The Tree Health Centre at the Yorkshire Arboretum launches virtual reality (VR) experience, educating future generations on tree health threats.

As part of celebrations to mark National Plant Health Week, Askham Bryan College and the Tree Health Centre at the Yorkshire Arboretum have launched a new virtual reality experience for tree health training.

This Tree Health VR workshop you on a journey of discovery around a virtual Yorkshire Arboretum giving first-hand experience of the pesky Great Spruce Bark Beetle.

Promising to be like nothing else in the world – it uses cutting-edge technologies, puzzles and gamification to bring alive the significant economic damage caused to forests and woodlands by these beetles and demonstrates why good plant biosecurity is vital as we combat climate change.

The project was commissioned by Defra and brought together by the Yorkshire Arboretum, Askham Bryan College, VISR and Fera Science Ltd. and is part of a broader approach to educate and build awareness of tree health threats to future generations.

Background information

Virtual reality (VR) is an emerging technology becoming increasingly accessible with many applications for use in education and engagement. It offers participants a fully immersive experience to engage and explore the virtual world of plant health and biosecurity. The project has developed VR resources for a model pest (Great Spruce Bark Beetle) using a mixture of media from both field and laboratory materials.

VR is ideally suited for education about tree health issues as many harmful organisms are not known to occur in this country, some have restricted distribution in the UK, some are seasonal (e.g. broadleaf tree pests) and many produce very cryptic symptoms all of which digital technology can overcome and bring the problem alive.

This new VR experience has applications both in education for professionals but also raising awareness with the public about the importance and value of plant health and biosecurity.  It has the potential to reach out to a diverse range of audiences both nationally and internationally and engage with previously hard to reach audiences.

The technological fusion combines high-resolution bark scans, 3D modelling, LIDAR scans, and 360 panoramas, creating a visually captivating digital “Yorkshire Arboretum” for exploration and education.

This feasibility study has demonstrated that an engaging VR experience can be built for tree health. Evaluation over the summer will begin to realise its potential and applications for both raising awareness and education about plant health and biosecurity for schools, colleges, professionals, and the public.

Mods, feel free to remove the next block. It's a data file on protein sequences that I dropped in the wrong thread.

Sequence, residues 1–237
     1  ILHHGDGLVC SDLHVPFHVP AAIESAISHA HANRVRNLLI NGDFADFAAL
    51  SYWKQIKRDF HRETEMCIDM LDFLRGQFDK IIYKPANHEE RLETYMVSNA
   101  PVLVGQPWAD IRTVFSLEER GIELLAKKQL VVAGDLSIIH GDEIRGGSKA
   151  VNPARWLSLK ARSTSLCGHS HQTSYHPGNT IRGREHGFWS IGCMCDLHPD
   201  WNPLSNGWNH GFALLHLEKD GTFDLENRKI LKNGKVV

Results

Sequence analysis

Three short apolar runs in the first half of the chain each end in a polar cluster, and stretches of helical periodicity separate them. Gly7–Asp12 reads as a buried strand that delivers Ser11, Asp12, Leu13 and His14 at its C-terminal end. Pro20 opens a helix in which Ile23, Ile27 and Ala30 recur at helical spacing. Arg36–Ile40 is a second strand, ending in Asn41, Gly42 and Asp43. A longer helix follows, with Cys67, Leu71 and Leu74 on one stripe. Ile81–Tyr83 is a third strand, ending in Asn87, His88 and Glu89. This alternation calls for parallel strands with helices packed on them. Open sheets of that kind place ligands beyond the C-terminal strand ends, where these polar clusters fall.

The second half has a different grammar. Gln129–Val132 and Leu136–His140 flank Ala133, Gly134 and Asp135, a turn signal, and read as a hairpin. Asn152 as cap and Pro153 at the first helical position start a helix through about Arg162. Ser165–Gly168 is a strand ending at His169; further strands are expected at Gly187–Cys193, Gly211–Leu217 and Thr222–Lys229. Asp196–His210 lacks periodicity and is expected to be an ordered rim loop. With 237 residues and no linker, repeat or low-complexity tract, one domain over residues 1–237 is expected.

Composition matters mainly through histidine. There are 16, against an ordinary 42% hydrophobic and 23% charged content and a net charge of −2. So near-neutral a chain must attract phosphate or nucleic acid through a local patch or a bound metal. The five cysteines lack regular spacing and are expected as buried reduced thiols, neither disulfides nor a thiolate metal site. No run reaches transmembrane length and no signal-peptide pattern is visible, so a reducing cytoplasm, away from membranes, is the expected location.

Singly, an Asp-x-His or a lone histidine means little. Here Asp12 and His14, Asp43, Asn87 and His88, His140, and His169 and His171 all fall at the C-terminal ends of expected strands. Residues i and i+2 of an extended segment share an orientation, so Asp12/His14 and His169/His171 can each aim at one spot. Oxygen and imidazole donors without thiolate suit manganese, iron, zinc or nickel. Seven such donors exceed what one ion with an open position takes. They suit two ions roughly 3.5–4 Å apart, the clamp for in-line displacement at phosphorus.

Professor Nicola Spence, Defra Chief Plant Health Officer, said:

“Pests and diseases cause significant damage to trees, causing tree death in many cases as well as having a considerable impact on biodiversity.

“Using new and innovative technology such as virtual reality experiences will help educate and build awareness of tree health threats to future generations.”

This announcement follows the launch of the Plant Biosecurity Strategy for Great Britain in 2023 which set out a five-year vision for plant health, consisting of an action plan to secure national biosecurity, protect native species and drive economic growth. Today’s announcement represents our ongoing commitment to public funding of plant health research and development which will ensure our plant health regime incorporates and recognises the latest technical capabilities.

Dr Tim Whitaker, Askham Bryan College principal, said:

“Askham Bryan College is proud to be at the forefront of educational innovation in plant health with the launch of the Tree Health virtual reality experience. This cutting-edge technology offers a unique and immersive way to understand the vital importance of biosecurity and the impact of pests like the Great Spruce Bark Beetle on our ecosystems.”

Dr Charles Lane, Fera Plant Health and Biosecurity consultant, said:

“This technology has the potential to be a real game changer in connecting to and communicating with people about why and how we can protect the health of our plants.”

Dr John Grimshaw, MBE, Director of the Yorkshire Arboretum, said:

“The Tree Health Centre at the Yorkshire Arboretum was established to promote awareness of the multiple threats facing our trees, and it’s exciting to see information being delivered in this new way. We’re proud of being part of the team that is producing it.”